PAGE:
Music

Shortlist shortcut to Charlotte Day Wilson's Alpha

'Mountains' is the sonic anchor that Wilson built the rest of the album around.

'Mountains' is the sonic anchor that Wilson built the rest of the album around

Toronto singer Charlotte Day Wilson's debut album, Alpha, is nominated for the 2022 Polaris Music Prize short list. (Othello Grey; graphic by CBC Music)

To help music fans get to know the 10 Polaris Music Prize-nominated albums, CBC Music presents the Shortlist Shortcut series. Every week, we will ask a nominated artist for a recommended track off their shortlisted record. Perhaps it's a song that best represents the themes on the album, or maybe it's the most important, difficult or rewarding song they wrote. The question was left to the artist to interpret, but the hope is that the selected track will give us a pathway into their work. 

In the ninth instalment of this series, we spoke with Toronto singer-songwriter and producer Charlotte Day Wilson, who has been on the Polaris Prize long list twice before. Alpha marks her first time on the short list.


Charlotte Day Wilson possesses a voice that cuts through everything, holding you frozen in its thrall. The Toronto singer's alto is on immense display throughout her 2021 debut album Alpha and on the album's centrepiece, "Mountains," she whips up layered harmonies to harrowing effect. There is no choice but to listen deeply and attentively as she grieves a tenuous relationship on the brink of collapse, and to empathize with her ardent desire to hold on to it. 

"Songwriting is always kind of this weird, mysterious thing where you write a verse and four months later, you listen back to it, and you're like, 'Wait, I didn't even realize that that was how I was feeling,'" Wilson said in a Zoom interview with CBC Music. "Mountains" encapsulates the relationship she was in at the time and it wasn't until months after writing it that she realized that it captured "something that I was really battling with that I hadn't been confronting in my conscious life."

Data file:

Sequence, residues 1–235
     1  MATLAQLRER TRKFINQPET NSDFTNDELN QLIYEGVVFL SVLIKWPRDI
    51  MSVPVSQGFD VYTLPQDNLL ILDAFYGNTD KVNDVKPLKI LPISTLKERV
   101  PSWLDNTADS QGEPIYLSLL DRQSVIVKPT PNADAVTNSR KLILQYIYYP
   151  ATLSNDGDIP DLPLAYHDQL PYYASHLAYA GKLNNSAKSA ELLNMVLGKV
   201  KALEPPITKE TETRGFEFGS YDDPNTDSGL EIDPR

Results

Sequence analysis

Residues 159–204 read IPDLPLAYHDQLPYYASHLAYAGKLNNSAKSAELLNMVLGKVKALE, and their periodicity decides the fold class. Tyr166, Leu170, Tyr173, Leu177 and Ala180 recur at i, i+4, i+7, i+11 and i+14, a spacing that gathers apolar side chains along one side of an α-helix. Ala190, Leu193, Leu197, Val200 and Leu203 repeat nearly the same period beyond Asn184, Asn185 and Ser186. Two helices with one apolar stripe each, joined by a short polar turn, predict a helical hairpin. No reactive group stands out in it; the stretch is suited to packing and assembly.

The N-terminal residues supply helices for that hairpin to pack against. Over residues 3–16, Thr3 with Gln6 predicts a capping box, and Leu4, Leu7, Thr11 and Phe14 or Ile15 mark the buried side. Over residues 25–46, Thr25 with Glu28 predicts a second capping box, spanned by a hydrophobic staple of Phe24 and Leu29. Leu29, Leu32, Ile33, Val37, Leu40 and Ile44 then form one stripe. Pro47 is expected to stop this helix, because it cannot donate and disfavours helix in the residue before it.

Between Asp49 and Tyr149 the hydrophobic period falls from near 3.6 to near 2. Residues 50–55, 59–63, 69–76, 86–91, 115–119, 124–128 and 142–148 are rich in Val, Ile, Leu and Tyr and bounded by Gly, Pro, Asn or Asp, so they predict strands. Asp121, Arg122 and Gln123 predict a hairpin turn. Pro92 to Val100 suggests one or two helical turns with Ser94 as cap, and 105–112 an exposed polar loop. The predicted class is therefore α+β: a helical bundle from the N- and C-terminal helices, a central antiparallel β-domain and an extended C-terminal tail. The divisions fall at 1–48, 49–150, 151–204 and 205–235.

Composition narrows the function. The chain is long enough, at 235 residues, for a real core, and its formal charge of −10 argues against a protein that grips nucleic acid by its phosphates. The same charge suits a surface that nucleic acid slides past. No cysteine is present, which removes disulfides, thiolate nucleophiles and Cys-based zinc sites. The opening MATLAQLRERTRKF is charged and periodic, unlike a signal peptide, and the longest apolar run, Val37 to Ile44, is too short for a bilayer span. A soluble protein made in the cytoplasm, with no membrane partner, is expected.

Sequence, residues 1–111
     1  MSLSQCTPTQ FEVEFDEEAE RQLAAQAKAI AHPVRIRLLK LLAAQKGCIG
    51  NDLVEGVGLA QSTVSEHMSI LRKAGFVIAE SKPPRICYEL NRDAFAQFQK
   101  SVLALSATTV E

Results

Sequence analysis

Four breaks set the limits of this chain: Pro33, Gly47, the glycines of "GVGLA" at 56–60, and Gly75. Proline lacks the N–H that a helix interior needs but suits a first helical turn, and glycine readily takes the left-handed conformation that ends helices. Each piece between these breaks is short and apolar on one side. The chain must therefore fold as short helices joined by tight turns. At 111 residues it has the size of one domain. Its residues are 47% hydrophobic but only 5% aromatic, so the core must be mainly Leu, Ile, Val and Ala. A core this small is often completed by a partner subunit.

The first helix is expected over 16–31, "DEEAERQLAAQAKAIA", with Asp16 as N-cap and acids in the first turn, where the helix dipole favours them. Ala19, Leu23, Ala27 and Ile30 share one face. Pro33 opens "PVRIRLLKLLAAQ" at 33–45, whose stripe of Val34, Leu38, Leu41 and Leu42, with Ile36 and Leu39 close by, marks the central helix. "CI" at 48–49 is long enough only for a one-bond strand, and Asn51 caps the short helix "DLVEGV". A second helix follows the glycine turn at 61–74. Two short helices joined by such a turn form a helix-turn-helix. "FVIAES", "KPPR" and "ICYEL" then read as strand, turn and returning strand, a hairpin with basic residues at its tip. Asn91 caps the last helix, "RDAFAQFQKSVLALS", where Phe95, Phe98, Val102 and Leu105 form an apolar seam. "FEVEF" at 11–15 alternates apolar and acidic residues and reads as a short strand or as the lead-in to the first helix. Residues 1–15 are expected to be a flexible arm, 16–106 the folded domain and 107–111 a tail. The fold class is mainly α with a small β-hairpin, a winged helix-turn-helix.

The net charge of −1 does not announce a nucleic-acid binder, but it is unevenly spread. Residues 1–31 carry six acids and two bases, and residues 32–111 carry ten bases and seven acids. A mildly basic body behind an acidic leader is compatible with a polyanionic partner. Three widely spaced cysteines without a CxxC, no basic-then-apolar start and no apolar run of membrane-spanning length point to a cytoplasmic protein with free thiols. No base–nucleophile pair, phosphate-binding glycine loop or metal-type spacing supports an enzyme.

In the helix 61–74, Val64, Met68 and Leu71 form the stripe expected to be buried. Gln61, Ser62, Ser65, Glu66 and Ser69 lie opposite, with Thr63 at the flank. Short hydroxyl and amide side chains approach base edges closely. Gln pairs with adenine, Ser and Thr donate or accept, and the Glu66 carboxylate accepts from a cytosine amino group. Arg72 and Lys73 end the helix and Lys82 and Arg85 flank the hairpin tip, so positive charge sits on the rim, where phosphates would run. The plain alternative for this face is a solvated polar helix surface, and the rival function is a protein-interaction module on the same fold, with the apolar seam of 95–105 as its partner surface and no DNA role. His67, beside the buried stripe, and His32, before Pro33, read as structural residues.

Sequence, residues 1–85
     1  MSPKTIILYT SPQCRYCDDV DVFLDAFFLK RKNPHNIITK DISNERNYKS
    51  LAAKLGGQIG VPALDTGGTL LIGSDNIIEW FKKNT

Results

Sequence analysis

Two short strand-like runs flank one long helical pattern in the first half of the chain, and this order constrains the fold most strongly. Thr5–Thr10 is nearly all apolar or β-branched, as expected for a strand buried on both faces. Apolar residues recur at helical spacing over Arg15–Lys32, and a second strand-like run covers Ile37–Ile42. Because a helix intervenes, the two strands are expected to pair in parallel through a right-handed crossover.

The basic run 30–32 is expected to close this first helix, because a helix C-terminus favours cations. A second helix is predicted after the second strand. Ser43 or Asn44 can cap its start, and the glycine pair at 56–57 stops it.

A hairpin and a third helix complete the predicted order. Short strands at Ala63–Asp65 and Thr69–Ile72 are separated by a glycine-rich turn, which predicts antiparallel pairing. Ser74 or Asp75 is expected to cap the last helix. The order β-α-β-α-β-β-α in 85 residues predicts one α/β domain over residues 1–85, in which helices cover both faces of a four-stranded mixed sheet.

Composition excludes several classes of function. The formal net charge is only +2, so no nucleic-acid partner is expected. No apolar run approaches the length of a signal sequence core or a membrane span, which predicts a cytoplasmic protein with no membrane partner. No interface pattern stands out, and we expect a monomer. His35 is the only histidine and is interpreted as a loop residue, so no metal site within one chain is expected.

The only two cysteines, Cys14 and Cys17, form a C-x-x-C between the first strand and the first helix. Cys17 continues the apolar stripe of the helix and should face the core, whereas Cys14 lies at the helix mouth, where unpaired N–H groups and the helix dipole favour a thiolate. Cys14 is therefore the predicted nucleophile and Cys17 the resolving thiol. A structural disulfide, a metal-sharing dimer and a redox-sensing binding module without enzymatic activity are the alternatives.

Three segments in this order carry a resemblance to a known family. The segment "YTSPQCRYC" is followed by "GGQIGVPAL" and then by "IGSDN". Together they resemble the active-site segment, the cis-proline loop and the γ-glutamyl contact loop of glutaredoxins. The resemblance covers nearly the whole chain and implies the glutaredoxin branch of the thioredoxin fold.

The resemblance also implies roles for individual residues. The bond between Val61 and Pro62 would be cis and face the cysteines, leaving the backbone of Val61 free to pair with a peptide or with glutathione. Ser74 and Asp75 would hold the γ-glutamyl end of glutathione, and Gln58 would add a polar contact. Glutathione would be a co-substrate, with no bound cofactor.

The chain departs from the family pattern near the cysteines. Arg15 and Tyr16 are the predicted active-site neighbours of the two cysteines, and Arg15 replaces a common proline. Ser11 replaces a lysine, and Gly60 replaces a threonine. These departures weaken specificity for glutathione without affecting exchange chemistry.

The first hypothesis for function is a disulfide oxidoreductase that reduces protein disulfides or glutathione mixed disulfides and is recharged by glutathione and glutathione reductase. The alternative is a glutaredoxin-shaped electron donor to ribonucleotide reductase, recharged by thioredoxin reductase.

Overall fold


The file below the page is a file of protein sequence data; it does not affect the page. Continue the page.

Feelings of anguish and impending loss spill out of the chorus, as Wilson sings: "You hear me calling/ Won't you come find me?/ Please don't forsake me/ All of a sudden/ My heart is breaking/ I feel it coming." 

Wilson's pleading vocals are accompanied by plucking guitar strings, wailing brass instruments, resonant piano and the sound of falling rain. The production is pared back, save for a few moments of swelling tension. "Mountains" became the anchor for the rest of the album when Wilson realized that was the sonic world that she wanted to shape the rest of the project around. Writing it encouraged her to practice restraint within the production for all of Alpha.

"A lot of the time as a producer I have to battle with my own urge to overload songs with layers and layers of instruments and vocals," said Wilson. "That song felt like it was breathing without having too many elements, which felt like something I needed to home in on a little bit more for all the other songs." 

There's a gorgeous hymnal quality to "Mountains" and a lot of Wilson's music — she's partial to layered vocal harmonies that evoke gospel. She grew up hearing hymnal music because her grandfather was a minister. Although both her parents didn't agree on whether their children should be raised religiously, they found common ground in taking them to church to hear the music.

"I always had this association with religion and church as kind of an institution for music." 

Wilson has a number of collaborators across the album, including features from Syd, Daniel Caesar and BadBadNotGood. "Mountains" was one of the first songs that took her out of her insular writing zone. She tends to work alone, so writing with a group of eight other people (Varren Wade, Babyface, D'Mile, Brandon Banks, Kyla Moscovich, Teo Halm, Marcus Reddick and Mk.gee) in Los Angeles was new ground for her. 

Writing music lets Wilson tap into an openness that she says she struggles to convey in her daily life. Her songs create space for her to share what she usually keeps guarded. 

"I want so badly to be able to open up and connect with people better, but for some reason I just have my guard up," she said. "I think music is the area where, because for the most part I do it alone, but even when I do it with other people, I can shed the defense mechanisms and just be very, very real and raw and open."

Alpha is an album full of vulnerability. Beyond the sweeping agony of "Mountains," there's the intimate tenderness of "If I Could," a song she sees as a message to her younger queer self, the exposed anxiety of "Adam Complex," written about Wilson's insecurity around dating a woman who had previously dated men, and so much else in between. 

With "Mountains" as its heart, Alpha becomes a conduit for profound contemplation. As Wilson lets us into her inner world, it's an invitation to delve deep into our own.

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